Narco-Nicaraguan Case Study

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North also helped a Honduran general, José Bueso Rosa, receive a drastically reduced sentence after he was busted in 1984 by the FBI for a $40 million cocaine shipment. Rosa had been heavily involved with the Contras and he planned to use parts of the drug profits to assassinate the liberal Honduran President Roberto Suazo Córdoba. That plan was later described by the Justice Department as the “most significant case of narco-terrorism yet discovered.” On the other hand, Oliver North submitted the name of Jack Terrell, a military trainer of the Contras, to the FBI as a potential terrorist after Terrell informed investigators about the drug shipments at John Hull’s ranch. John Hull, an American who owned a ranch in northern Costa Rica near the Nicaraguan border, wasn’t some American expatriate pensioner. Instead, he received $10,000 a month from North’s payroll as an intelligence operative. Various sources corroborated that Hull’s ranch was a primary transit point for Contra pilots/drug traffickers. In fact, the U.S. Senate Committee on Foreign Relations heard testimonies of Costa Rican law enforcement officials who said they were pressured to not investigate the Contras operations along the northern border. Costa Rican authorities eventually investigated the drug and gun running activity on…show more content…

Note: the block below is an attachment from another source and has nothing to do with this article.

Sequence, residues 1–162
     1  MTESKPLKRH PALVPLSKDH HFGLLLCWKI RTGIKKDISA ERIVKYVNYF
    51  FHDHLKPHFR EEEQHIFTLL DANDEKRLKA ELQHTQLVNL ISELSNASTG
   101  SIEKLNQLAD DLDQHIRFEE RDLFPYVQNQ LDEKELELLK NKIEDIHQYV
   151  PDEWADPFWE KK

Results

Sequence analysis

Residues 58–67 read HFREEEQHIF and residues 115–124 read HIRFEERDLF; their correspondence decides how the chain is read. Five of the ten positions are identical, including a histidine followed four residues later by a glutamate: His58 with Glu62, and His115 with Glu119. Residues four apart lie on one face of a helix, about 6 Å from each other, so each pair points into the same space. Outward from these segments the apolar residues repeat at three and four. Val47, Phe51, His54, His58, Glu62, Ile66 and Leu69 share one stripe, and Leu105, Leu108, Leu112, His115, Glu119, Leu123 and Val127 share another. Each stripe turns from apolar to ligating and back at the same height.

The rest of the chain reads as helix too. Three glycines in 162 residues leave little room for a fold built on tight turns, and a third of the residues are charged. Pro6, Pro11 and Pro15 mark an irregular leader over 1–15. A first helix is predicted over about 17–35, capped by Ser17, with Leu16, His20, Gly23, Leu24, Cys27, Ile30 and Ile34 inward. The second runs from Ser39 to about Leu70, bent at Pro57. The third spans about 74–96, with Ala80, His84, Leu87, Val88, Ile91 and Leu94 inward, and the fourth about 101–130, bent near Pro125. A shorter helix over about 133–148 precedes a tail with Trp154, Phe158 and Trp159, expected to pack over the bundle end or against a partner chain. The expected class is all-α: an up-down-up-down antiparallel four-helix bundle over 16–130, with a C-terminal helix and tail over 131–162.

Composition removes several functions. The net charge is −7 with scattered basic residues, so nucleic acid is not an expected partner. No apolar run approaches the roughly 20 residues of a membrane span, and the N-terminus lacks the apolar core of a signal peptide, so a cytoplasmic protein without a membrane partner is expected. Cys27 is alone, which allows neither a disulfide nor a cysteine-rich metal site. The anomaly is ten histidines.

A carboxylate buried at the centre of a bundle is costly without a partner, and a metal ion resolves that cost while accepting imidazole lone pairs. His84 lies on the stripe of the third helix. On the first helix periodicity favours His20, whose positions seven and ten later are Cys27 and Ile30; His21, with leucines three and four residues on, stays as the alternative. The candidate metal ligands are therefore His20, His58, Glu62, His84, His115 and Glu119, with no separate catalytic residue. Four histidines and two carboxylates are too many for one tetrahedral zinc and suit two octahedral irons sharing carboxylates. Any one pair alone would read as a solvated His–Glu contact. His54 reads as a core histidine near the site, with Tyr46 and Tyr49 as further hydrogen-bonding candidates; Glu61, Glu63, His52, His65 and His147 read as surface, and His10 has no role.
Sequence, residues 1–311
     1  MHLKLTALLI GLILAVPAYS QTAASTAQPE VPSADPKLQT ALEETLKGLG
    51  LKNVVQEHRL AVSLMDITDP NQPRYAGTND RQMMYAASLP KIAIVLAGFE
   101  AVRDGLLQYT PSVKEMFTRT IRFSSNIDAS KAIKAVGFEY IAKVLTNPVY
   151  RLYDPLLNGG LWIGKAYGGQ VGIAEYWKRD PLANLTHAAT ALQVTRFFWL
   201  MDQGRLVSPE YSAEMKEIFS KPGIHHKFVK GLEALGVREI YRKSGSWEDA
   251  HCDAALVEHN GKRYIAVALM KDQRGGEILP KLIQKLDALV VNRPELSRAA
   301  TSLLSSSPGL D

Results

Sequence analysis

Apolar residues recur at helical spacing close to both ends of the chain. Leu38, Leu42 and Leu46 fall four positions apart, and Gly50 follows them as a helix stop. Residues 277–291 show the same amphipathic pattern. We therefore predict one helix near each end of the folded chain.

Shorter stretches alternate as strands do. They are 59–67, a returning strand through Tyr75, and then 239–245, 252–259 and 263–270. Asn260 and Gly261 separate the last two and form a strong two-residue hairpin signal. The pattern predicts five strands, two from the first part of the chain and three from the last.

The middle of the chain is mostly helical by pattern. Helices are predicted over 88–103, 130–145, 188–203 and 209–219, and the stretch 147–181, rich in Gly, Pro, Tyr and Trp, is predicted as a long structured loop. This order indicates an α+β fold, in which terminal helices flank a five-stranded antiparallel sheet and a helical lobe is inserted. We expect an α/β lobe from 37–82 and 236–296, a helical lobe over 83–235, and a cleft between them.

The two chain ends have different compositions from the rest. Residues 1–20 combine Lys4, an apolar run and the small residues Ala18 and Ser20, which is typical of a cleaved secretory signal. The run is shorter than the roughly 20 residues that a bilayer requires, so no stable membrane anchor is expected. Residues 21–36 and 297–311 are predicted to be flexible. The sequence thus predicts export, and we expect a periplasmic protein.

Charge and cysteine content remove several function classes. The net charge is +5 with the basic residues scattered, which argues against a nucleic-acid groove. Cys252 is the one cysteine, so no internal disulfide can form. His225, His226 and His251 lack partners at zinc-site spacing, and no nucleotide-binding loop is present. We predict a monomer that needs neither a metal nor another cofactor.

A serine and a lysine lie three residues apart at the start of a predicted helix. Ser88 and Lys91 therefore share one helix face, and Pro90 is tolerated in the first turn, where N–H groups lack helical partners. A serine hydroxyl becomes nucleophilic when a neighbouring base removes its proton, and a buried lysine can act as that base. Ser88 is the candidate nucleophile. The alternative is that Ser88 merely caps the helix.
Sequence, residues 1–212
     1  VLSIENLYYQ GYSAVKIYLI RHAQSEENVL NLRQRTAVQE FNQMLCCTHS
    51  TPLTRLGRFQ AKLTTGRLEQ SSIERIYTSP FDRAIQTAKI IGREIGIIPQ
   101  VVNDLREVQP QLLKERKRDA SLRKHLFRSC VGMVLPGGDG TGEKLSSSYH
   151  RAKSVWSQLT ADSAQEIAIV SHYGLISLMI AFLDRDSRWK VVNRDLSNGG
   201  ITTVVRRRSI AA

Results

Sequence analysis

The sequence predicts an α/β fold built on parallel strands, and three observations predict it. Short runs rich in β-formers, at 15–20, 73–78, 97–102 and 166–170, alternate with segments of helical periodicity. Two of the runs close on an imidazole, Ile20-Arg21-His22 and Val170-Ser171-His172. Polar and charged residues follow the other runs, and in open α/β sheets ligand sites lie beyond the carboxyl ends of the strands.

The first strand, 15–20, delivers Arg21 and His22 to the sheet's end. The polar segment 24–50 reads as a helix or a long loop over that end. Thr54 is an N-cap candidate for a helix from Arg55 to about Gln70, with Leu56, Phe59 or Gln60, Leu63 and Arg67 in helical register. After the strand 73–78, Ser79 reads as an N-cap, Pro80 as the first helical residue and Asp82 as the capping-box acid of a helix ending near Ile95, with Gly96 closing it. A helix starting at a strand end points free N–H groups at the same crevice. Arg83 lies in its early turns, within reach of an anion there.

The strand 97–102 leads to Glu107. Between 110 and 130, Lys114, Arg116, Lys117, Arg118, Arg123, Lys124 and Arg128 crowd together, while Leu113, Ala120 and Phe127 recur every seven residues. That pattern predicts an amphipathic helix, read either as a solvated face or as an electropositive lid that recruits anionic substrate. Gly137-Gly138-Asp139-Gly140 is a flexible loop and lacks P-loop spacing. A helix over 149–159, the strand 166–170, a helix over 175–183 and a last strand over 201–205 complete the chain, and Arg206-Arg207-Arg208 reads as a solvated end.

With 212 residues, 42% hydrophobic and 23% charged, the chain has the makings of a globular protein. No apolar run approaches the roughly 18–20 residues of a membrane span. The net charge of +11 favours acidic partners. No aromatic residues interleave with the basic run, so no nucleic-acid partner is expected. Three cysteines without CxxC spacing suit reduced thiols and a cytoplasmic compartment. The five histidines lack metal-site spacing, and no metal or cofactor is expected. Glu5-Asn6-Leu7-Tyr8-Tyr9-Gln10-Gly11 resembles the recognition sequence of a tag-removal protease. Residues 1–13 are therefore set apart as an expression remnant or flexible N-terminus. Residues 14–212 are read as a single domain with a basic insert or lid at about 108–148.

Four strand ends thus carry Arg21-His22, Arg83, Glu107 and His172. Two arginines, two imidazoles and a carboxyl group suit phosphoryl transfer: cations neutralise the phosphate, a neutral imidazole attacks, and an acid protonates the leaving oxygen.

couldn’t arm the Contra rebels, but an exemption was granted for providing “humanitarian aid.” Hence, the State Department established a Nicaraguan Humanitarian Aid Office (NHAO). However, Oliver North supervised the program and the NHAO served as a cover for shipping weapons to the rebels. Plus, the NHAO contracted those services to various companies, many of which were fronts for drug traffickers. For instance, Frigorificos de Puntarenas, a Costa Rican shrimp company, was paid $237,000 to transport $27 million of humanitarian aid. One of the principles of the company was Ramon Milian Rodriguez, a top accountant for the Medellín
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